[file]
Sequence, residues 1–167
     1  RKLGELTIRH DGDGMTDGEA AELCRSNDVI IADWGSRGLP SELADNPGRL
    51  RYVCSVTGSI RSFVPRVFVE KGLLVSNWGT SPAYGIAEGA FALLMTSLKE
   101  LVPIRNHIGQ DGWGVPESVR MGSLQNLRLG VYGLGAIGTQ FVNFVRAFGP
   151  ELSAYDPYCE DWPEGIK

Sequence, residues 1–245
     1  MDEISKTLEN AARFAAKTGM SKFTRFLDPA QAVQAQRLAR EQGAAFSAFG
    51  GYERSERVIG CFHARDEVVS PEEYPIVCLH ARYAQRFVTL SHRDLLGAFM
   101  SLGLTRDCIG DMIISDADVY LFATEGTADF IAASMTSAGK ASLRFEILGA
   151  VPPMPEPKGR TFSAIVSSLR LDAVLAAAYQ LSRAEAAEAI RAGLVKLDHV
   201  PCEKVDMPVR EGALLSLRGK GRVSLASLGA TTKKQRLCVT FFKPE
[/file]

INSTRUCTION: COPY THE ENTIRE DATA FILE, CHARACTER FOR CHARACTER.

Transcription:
Sequence, residues 1–167
     1  RKLGELTIRH DGDGMTDGEA AELCRSNDVI IADWGSRGLP SELADNPGRL
    51  RYVCSVTGSI RSFVPRVFVE KGLLVSNWGT SPAYGIAEGA FALLMTSLKE
   101  LVPIRNHIGQ DGWGVPESVR MGSLQNLRLG VYGLGAIGTQ FVNFVRAFGP
   151  ELSAYDPYCE DWPEGIK

Sequence, residues 1–245
     1  MDEISKTLEN AARFAAKTGM SKFTRFLDPA QAVQAQRLAR EQGAAFSAFG
    51  GYERSERVIG CFHARDEVVS PEEYPIVCLH ARYAQRFVTL SHRDLLGAFM
   101  SLGLTRDCIG DMIISDADVY LFATEGTADF IAASMTSAGK ASLRFEILGA
   151  VPPMPEPKGR TFSAIVSSLR LDAVLAAAYQ LSRAEAAEAI RAGLVKLDHV
   201  PCEKVDMPVR EGALLSLRGK GRVSLASLGA TTKKQRLCVT FFKPE